This article is an excerpt from the Shortform book guide to "101 Essays That Will Change the Way You Think" by Brianna Wiest. Shortform has the world's best summaries and analyses of books you should be reading.
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Do you think the world is largely a positive place? How does the way you think about and interpret the world influence the way you experience it?
No life experience has inherent qualities of its own—such as being good, bad, right, or wrong. You only assign these values to them because of the way you think about and interpret them. Over time, your habitual ways of thinking are reinforced through feedback loops.
Keep reading to learn about the psychology of feedback loops and how they shape your reality.
Feedback Loops Reinforce Your Thoughts and Feelings
It’s not your experiences that determine how you feel, but your thoughts about these experiences. Further, it’s difficult to change the way you think and feel about what happens to you. This is because your thinking patterns lock you into a feedback loop that reinforces the way you interpret your experiences. In psychology, feedback loops occur when your emotions cause you have certain thoughts, those thoughts cause you have certain emotions, perpetuating the cycle further and further.
The following five-step process illustrates how feedback loops reinforce your thoughts and feelings:
- Your state of mind influences what types of thoughts you have. For example, you’re experiencing stress so you have worrisome thoughts.
- Those thoughts influence the way you feel. Your worrisome thoughts make you feel anxious and this increases your stress levels.
- Your feelings determine what you pay attention to. Your feelings of anxiety compel you to focus disproportionately on things that are going wrong in your life. As a result, you engage in more worrisome thoughts and further increase your stress levels.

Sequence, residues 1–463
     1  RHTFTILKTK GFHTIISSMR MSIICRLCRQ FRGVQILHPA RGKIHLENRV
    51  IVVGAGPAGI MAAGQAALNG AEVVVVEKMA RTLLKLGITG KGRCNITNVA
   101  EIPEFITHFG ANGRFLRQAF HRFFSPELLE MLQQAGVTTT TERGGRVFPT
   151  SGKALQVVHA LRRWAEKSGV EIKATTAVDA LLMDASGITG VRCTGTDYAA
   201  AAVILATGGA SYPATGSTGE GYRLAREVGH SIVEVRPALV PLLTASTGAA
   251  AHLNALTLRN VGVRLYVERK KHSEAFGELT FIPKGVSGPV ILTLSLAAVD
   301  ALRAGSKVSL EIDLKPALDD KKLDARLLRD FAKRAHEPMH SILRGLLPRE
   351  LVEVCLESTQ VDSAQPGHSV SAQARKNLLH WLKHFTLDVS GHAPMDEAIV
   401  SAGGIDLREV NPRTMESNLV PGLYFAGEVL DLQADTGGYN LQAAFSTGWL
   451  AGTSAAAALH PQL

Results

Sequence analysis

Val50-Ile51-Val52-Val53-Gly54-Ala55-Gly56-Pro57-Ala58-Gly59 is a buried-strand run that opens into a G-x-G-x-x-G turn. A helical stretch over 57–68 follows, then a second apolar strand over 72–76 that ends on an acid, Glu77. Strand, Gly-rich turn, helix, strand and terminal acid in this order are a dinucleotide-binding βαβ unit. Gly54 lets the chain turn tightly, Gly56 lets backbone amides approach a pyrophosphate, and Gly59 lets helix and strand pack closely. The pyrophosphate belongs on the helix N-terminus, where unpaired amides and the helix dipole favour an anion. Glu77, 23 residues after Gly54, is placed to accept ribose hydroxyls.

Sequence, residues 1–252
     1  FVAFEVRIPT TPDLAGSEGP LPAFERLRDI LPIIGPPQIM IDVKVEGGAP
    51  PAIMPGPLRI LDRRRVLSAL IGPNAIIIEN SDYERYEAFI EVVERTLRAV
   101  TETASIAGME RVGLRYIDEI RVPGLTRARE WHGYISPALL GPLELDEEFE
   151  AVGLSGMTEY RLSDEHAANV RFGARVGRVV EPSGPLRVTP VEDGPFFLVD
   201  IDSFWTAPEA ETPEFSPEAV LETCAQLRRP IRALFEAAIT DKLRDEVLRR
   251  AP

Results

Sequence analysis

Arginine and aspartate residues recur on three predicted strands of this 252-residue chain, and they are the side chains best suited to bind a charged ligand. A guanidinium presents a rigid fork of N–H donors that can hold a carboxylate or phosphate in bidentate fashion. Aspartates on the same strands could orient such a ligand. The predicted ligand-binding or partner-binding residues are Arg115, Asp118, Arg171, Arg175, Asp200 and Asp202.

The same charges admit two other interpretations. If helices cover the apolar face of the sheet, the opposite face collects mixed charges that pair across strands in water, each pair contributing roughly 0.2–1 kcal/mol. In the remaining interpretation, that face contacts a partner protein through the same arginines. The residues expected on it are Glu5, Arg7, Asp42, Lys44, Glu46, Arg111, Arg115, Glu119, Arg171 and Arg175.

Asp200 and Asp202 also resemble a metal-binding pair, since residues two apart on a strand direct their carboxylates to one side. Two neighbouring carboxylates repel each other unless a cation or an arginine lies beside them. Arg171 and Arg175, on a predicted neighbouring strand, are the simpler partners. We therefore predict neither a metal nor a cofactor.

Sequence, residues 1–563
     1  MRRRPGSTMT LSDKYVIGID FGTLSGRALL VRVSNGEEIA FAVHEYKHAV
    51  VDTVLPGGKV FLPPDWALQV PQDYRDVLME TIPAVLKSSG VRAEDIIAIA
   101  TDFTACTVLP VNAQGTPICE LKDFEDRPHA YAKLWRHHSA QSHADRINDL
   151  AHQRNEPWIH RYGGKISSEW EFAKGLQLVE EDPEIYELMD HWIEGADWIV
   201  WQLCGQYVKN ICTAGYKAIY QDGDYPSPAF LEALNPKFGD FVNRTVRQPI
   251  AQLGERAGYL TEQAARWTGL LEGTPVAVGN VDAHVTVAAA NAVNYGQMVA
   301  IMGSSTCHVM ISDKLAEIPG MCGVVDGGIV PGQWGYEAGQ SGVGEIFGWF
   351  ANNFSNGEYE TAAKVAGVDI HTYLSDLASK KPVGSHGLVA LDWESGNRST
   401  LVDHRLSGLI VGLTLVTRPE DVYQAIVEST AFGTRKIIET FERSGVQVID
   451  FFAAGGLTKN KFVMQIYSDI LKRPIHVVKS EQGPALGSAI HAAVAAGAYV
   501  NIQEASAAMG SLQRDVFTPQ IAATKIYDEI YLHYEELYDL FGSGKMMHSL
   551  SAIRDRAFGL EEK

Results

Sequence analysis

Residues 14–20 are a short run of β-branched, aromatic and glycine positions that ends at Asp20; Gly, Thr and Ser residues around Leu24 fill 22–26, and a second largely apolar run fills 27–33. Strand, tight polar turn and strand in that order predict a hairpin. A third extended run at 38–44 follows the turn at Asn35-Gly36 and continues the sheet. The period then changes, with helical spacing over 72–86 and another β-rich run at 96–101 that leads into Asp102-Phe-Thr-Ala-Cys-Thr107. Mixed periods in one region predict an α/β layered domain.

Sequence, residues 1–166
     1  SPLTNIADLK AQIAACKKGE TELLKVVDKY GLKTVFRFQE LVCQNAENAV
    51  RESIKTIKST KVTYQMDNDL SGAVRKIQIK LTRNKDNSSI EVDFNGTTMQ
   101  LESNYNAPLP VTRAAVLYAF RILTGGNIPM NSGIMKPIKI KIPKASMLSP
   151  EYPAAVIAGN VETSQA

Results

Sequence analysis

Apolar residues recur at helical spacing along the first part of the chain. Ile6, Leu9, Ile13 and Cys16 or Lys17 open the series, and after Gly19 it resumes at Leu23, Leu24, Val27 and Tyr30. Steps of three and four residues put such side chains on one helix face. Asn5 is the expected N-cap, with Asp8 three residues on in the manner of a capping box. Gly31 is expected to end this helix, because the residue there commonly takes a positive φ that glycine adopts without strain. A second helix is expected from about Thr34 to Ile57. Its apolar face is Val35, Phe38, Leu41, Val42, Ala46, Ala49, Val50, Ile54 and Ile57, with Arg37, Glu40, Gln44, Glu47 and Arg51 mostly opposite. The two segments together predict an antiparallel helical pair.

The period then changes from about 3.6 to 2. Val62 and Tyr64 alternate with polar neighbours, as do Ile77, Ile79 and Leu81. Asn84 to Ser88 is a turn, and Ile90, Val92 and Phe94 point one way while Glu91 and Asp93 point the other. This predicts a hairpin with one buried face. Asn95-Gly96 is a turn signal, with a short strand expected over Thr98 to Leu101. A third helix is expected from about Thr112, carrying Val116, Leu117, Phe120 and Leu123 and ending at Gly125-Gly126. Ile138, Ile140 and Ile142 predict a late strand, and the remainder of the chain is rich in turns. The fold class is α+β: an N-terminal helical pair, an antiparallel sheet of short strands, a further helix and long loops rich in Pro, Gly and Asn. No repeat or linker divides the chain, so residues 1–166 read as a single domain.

- What you pay attention to determines how you interpret and judge your experiences. Your focus on what’s going wrong in your life leads you to judge your experiences as difficult or problematic—because it blocks you from perceiving what’s going well in your life.
- Your judgments reinforce how you feel, what you think, and your state of mind. Because you’re judging your experiences as problematic, you continue to feel anxious and you believe that you have a reason to experience stress. As a result, you continue to interpret everything that happens from this negative perspective.
How Unconscious Biases Reinforce Feedback Loops
Psychological research expands upon Wiest’s description of the interpretation process by explaining that your habitual thoughts and feelings are influenced and reinforced by cognitive biases. Cognitive biases are the result of your brain’s attempt to make quick judgments based on your past experiences, and they shape the way you think about and perceive your environment.
There are many different types of cognitive biases, and each of them influences your perception in different ways. The most common forms are confirmation bias, the tendency to pay more attention to the information that confirms and reinforces your opinion, and negativity bias, the tendency to notice and dwell on the negative aspects of your experience.
The example in the five-step process above demonstrates how both of these biases reinforce how you feel, what you think, and your state of mind: The confirmation bias influences you to only notice and interpret experiences that reinforce your feelings of anxiety. Likewise, the negativity bias keeps you focused on what you dislike or fear about your experiences. As a result, you find it difficult to disentangle yourself from your stressful state of mind, think differently, and ease your feelings of anxiety.
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Here's what you'll find in our full 101 Essays That Will Change the Way You Think summary :
- Why the only way to make yourself feel better is to change the way you think
- How social conditioning influences the way you unconsciously think
- How to manage your thoughts and feelings about yourself and your experiences